Venezuela’s police searched Odebrecht’s Caracas offices as it looks to expand a corruption probe into the troubled Brazilian construction group's dealings in the country. Police are reportedly searching for links between political officials the construction group.

The Brazilian real gained on Wednesday, rising to its strongest level in more than a year and a half, following a rise in capital inflows and after the Central Bank resumed currency interventions following a two-week pause. The real firmed 0.45% to 3.096 real per dollar, its strongest showing since July 2015. The Central Bank indicated it could allow around US$4.3bn worth of currency swaps, which function like future dollar sales, to expire next month.

As part of the airline's restructuring plan, Gol announced a sale and leaseback deal for five Boeing 737 aircraft. The aircraft are worth a total of US$550mn, the company said in a statement to press.

Grupo Albanesi secured a US$175mn project finance facility from UBS, which will be used to develop an electricity co-generation plant. The deal was secured through an offshore SPV, and will be backed by revenues from CAMMESA and a private off-taker.

Argentina's Central Bank kept its monetary policy rate unchanged at 24.75% for the eleventh consecutive week on Tuesday, saying consumer price expectations showed "mixed signals." Consumer prices in greater Buenos Aires rose 1.3% in January, far below expectations.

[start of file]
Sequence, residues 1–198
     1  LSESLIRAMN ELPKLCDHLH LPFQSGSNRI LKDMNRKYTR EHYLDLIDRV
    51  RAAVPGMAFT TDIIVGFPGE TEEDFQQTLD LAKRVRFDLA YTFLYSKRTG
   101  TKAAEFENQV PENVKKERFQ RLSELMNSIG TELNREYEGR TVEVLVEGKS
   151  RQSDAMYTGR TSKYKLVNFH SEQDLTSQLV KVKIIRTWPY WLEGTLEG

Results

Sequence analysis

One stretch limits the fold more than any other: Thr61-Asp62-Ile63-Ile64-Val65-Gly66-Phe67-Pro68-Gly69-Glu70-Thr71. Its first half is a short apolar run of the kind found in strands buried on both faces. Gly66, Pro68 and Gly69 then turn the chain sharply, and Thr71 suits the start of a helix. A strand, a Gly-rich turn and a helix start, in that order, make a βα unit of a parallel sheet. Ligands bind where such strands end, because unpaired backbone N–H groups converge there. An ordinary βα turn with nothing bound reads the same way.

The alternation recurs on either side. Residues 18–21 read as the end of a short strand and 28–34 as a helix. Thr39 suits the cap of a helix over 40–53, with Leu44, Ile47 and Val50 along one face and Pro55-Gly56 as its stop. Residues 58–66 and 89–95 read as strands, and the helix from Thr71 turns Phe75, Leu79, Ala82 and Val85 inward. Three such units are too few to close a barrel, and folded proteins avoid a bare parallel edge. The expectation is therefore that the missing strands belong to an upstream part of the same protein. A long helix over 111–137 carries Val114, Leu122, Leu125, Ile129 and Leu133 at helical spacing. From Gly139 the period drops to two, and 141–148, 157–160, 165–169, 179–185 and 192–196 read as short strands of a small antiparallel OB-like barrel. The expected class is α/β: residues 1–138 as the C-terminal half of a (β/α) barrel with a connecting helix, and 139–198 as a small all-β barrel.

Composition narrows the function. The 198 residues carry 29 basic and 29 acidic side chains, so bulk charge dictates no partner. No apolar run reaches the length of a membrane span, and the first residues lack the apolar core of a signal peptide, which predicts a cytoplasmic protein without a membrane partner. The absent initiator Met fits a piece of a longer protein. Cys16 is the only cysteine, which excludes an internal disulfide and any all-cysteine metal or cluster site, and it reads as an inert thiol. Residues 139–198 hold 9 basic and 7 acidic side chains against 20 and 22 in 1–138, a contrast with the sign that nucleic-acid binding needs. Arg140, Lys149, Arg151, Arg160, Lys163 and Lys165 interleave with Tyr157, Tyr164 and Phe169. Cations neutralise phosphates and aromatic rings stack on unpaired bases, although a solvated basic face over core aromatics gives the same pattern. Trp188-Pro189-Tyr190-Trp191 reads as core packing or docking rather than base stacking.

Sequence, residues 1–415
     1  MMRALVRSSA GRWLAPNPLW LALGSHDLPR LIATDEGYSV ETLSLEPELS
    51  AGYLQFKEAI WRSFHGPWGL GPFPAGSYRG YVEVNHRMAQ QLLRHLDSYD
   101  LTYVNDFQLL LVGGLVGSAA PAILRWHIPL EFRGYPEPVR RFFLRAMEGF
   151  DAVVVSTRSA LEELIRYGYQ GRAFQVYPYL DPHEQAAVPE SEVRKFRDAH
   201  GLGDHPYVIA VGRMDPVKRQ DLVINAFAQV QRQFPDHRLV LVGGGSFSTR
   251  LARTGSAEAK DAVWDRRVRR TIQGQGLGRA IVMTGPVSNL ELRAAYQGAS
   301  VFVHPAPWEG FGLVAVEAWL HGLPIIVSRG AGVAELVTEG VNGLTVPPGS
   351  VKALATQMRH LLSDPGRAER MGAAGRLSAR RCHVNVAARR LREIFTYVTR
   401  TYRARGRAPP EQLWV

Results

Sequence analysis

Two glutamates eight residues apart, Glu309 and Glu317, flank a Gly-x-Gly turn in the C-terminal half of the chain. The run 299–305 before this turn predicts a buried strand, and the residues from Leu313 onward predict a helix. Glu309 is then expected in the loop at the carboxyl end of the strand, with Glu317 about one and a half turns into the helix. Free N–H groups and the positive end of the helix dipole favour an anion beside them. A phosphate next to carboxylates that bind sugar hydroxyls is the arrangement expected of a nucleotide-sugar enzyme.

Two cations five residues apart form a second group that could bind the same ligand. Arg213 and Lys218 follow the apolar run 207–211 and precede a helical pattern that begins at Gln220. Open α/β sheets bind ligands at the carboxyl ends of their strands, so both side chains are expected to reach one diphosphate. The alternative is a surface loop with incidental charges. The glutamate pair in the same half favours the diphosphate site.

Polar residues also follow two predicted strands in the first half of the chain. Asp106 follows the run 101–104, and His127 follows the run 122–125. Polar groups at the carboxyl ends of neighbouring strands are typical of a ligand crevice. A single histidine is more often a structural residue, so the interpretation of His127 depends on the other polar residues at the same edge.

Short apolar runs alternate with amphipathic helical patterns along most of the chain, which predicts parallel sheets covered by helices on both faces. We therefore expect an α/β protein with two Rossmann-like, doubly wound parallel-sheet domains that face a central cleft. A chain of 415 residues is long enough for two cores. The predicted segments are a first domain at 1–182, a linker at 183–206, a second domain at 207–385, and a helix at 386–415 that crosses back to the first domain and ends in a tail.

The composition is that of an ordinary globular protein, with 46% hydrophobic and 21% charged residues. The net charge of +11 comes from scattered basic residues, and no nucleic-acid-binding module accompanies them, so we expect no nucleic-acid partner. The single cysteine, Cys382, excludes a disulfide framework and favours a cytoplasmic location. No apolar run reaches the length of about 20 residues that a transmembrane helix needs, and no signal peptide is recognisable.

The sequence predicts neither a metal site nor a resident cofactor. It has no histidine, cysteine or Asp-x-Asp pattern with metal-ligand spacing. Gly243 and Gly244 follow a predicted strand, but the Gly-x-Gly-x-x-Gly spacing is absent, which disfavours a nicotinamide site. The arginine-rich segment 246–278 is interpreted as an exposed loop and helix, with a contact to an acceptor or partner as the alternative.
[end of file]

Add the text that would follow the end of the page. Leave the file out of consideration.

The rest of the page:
Peru's Economy and Finance Minister Alfredo Thorne said the government is looking to prioritise a series of reforms aimed at increasing domestic productivity, including formalising the labour force and improving SME access to credit, according to local press reports. Thorne said the country is looking to implement changes that allow the country’s lenders to extend more credit to small and medium-sized businesses.

Pemex priced a €4.25bn triple-tranche bond this week, the largest euro-denominated bond in emerging markets to date. The state-owned Mexican oil and gas producer priced a €1.75bn 2021 tranche at 99.957% to yield 2.5011%; a €1.25bn 2024 tranche at 99.463% to yield 3.7702%; and a €1.25bn 2028 tranche at 99.135% to yield 4.9175%. BNP Paribas, Credit Agricole CIB, Deutsche Bank, and HSBC were bookrunners on the trade.

ASIA

China's Oversea-Chinese Banking Corporation Limited raised US$500mn in senior bond notes maturing in 2018. Proceeds from the notes, which were sold at MS+49bp, will be used for general funding purposes.

China's Central Bank said it lent CNY393.5bn (US$57.30bn) in medium-term loans to 22 banks in 2016, part of the bank's toolkit for managing banking system liquidity. The announcement comes just two days after the PBOC said it resumed reverse repo sales. It also sold CNY120bn in 7, 14 and 28-day reverse repos on Wednesday, but left rates unchanged.

Ronshine China plans to issue up to US$225mn 6.95% senior notes due 2019, according to a report in Reuters.

Chinese telecoms equipment manufacturer Proven Glory Capital Ltd. hit the market with a US$1.5bn dual tranche offering this week, pricing a US$1bn 2022 tranche at 99.767% to yield 3.2576%, and a US$500mn 2028 tranche at 99.081% to yield 4.0371%. Bank of China, Citigroup, DBS Bank, HSBC, and Standard Chartered Bank managed the sale.

A proposed takeover of Yingde Gases Group by Air Products & Chemicals Inc. is facing challenges after the CEO of the latter said in an open letter that Yingde Gases was obstructing the due diligence process. The two companies reached a tentative deal on the acquisition in January, but has since stalled.